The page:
Smitty and I have spent several evenings over the closing days of the deer season in a still-hunting style that suits our ages and physical challenges. When we are sitting in the blind waiting for a deer to appear, the average age in that blind is over 91 years.
The message here is that we are still outdoors enjoying the extended gifts of our golden years. Much is written about how to enjoy your golden years. Most is directed at the quiet, comfortable years one enjoys in a modern seniors living centre complete with all the amenities of a rich and full life at your fingertips.
Our somewhat biased view of a rich and full life has to with our on-going participation in the outdoor pursuits of fishing, hunting, gardening, and golf which takes up much of Smitty’ s outdoor time, although in my case I have never hit a golf ball. Our ongoing ability to enjoy the outdoors is due in no small amount to the generosity of local farmers and landowners who have given us permission to hunt on their private lands. A simple request for permission is all that is necessary – try it the next time you wish to hunt on private land.
If you are still hunting deer in the last few days of the season it indicates that you may be looking for a special animal or you may not have had much luck during the season to date. In our case we were trying to fill a tag for Smitty.
During our evenings in the blind we enjoy the high pressure alertness because you never know when deer may appear out of nowhere into your field of vision. One evening Smitty called a deer to almost within shooting range, before it became suspicious and departed. There were other evenings when deer passed by our blind, but always just out of effective shooting range with a shotgun.
Another unplanned change in our last-inute deer hunting plans was the cancellation of our end-of-season hunts due to excessive amounts of rainfall. The message is that when possible we were hunting.
Hunting is one of those human vocations that is credited with our long journey from the cave to our current civilization that appears to be increasingly disconnected from the natural rhythms and cycles of life.
Hunting is a sharing occupation where throughout the history of our species it has been a pursuit that shared the proceeds of the hunt with the whole community. It has much to do with the current philosophy of sharing during the Christmas season and local sustainability of regional or Island resources. It fits into the philosophy of using sustainable locally grown food whenever possible.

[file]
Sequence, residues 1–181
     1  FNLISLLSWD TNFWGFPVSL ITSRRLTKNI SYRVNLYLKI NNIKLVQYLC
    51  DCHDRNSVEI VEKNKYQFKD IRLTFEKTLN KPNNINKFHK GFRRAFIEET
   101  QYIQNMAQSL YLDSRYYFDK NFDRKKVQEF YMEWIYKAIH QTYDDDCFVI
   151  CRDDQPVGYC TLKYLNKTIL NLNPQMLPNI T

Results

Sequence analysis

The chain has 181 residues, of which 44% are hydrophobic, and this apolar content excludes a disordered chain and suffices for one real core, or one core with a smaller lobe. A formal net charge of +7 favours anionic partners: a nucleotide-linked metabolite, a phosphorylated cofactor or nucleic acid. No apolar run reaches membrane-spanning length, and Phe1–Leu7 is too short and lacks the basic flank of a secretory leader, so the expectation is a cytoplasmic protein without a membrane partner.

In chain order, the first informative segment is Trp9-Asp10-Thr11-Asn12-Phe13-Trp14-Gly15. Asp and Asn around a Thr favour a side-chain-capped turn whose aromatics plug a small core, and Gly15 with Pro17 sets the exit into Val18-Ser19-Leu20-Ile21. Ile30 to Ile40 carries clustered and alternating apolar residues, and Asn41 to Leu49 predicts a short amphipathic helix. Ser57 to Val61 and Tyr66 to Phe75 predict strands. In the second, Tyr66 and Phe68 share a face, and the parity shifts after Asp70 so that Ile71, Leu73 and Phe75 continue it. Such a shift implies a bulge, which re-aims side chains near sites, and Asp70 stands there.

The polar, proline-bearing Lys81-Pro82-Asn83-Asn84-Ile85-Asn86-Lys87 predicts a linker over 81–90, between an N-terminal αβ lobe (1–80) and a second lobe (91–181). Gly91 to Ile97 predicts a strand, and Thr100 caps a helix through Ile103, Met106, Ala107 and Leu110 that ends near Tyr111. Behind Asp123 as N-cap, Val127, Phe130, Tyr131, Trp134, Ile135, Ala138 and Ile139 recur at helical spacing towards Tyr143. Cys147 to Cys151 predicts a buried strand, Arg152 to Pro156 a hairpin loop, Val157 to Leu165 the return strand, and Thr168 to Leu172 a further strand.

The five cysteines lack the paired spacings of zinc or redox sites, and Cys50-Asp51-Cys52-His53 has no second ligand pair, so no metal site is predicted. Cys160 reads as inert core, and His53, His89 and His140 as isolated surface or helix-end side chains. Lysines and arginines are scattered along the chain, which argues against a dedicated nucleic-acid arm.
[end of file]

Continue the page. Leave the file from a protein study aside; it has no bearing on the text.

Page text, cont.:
It does not operate on the bottom line philosophy of profits at all costs; but rather the principal of sharing local resources with local communities and members of its society before an excess product is released to the broader market of an increasingly crowded world. During this festive season the opportunities to share the proceeds of your success in the field is made easy by the promotion of the Christmas spirit of sharing and caring. A simple gift of ground meat or pepperoni is much appreciated by all members of the recipient family group, especially children who get a healthy treat of good protein instead of excessive injections of sugar as in some candy treats. Another shared gift is the sharing of special privilege and knowledge.
Our local black-tailed deer hunting has come to a close, however there are still many opportunities to hunt geese on our Island and farther inland in the north east of our large province there are extended Limited Entry Hunts (LEH) for elk where their localized large populations cause severe damage to agricultural crops. In the case of Canada Geese their numbers have outgrown their welcome in our parks, fields and foreshores where they do much damage to delicately balanced tidal ecosystems.
In summary, there are positive benefits to the broader community from effective hunting seasons.
In closing, there is still time to share a gift of the Courtenay and District Fish and Game Club 2015 calendar which is a year long prize and conservation event made possible by this paper and the club. Available for a $5 donation at the Record, Gone Fishin’, Tyee Marine and Sears or the clubhouse, it is a good way to share and care.
Ralph Shaw is a master fly fisherman who was awarded the Order of Canada in 1984 for his conservation efforts. In 20 years of writing a column in the Comox Valley Record it has won several awards.